Extreme Cold and Exposure

In January and February of 2017, the weather and living conditions for refugees and migrants in Serbia were extremely hard. This was due to the low temperatures, sometimes as low as -16°C, and our beneficiaries’ ongoing exposure to the cold weather. During January, refugees and migrants in the Belgrade city center suffered severe forms of frostbite. Below is just one example of our cases:

A 16-year-old boy from Algeria was diagnosed by RMF’s team with frostbite on his right index finger. Due to the clinical appearance of second to third-degree frostbite, he was taken directly to the Clinic for Plastic Surgery at the Clinical Center of Serbia. In the clinic, the wound was cleaned, and ongoing dressings and follow-up indicated. We followed up with the patient for a month. Due to his age, situation of traveling alone, and fear of possible surgery to his finger, he did not comply with the prescribed wound dressing and other therapy, which resulted in deterioration of his condition.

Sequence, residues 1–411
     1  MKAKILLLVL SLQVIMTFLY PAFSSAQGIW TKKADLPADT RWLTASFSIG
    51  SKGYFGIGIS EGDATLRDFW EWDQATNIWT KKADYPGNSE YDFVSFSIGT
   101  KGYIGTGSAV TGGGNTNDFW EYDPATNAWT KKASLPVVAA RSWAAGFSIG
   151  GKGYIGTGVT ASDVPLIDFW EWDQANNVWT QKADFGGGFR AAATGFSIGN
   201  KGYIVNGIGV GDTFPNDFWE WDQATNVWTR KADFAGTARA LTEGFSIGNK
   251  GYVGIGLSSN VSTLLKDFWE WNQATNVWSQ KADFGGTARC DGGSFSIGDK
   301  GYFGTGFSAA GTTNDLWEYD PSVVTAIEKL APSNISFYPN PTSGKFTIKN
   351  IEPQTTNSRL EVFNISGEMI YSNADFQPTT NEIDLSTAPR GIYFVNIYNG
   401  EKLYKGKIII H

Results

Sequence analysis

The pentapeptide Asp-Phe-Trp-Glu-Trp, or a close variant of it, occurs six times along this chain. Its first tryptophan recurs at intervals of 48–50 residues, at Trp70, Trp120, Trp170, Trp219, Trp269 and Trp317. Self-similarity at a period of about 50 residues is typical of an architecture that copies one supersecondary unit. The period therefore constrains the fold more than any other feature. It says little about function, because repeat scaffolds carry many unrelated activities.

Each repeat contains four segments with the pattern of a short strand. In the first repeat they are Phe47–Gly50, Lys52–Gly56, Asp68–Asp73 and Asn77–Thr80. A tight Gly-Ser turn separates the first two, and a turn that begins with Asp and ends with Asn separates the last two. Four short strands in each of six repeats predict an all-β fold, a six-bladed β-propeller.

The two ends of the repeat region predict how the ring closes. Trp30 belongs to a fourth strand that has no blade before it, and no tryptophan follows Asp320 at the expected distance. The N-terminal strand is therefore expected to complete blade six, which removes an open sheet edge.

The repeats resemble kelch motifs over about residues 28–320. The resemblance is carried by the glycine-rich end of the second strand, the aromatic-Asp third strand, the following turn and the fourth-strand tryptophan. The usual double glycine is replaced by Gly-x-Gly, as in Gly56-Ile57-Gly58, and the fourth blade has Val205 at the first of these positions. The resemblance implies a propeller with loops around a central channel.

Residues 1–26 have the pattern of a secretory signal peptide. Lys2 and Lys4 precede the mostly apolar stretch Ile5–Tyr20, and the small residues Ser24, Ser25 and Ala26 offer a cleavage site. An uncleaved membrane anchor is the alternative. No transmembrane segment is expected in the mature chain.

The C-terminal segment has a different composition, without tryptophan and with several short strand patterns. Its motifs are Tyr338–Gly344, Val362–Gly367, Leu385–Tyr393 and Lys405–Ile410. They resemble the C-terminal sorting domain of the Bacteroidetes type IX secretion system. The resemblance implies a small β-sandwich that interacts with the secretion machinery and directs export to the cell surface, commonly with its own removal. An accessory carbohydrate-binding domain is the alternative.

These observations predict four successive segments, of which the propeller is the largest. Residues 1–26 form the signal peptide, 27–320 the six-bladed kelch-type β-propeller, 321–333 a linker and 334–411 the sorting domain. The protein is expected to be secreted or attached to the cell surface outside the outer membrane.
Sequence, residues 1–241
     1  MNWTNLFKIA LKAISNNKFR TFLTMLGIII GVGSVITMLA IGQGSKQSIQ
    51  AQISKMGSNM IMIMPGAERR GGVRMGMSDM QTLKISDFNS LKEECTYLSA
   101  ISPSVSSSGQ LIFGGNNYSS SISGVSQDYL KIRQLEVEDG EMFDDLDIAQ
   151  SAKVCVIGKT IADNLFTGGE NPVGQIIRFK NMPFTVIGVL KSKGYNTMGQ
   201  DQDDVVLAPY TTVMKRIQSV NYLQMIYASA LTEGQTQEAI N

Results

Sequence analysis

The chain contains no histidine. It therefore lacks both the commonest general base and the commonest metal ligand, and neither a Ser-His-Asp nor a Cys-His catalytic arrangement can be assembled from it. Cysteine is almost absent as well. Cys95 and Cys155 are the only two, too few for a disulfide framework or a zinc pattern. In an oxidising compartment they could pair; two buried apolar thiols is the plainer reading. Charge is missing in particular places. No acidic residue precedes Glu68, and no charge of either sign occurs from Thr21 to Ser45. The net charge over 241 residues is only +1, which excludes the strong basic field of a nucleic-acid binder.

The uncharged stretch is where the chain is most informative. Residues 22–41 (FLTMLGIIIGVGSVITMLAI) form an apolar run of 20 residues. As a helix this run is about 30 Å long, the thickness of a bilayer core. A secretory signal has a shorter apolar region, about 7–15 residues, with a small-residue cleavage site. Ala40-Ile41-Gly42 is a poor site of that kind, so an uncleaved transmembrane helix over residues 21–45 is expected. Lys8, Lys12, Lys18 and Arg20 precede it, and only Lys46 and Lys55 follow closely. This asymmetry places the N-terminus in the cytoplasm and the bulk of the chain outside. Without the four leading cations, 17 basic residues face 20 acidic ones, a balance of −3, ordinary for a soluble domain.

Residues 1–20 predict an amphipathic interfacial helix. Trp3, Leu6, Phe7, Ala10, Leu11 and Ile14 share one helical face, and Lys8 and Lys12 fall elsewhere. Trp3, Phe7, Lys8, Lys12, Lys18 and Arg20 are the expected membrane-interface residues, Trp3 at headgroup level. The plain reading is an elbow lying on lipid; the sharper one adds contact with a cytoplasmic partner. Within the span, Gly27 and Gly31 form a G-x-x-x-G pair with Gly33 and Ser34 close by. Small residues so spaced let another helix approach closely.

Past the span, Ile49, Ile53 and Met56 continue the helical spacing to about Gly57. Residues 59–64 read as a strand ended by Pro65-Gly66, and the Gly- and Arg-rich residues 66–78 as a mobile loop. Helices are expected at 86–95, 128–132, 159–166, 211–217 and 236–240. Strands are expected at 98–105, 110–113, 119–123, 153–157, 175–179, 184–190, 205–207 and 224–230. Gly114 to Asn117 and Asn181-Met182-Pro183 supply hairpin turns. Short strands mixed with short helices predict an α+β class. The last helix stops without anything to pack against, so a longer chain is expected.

The case was further compounded by the boy’s unresolved legal status in the country, which meant that hospitals refused to treat him. These factors led to further necrosis of the finger.

In February, it was assessed again, and decided that his finger required amputation. We feared that he could lose his whole hand. Surgery was scheduled and the amputation performed mid February.

16-year-old Boy: Abscess

Skin Infections

At the end of March, we were engaged in treating many cases of skin infection, due to poor hygiene conditions in the informal, self-organized refugee camp “the Barracks.” One such case is of a 16-year-old boy who was bitten by a mosquito on the lower left leg. Despite antibiotic therapy, the bite developed into an abscess.

RMF provided referral services to a clinic, where incision and drainage of the abscess were performed. We provided daily wound dressing and therapy, and he made a full recovery.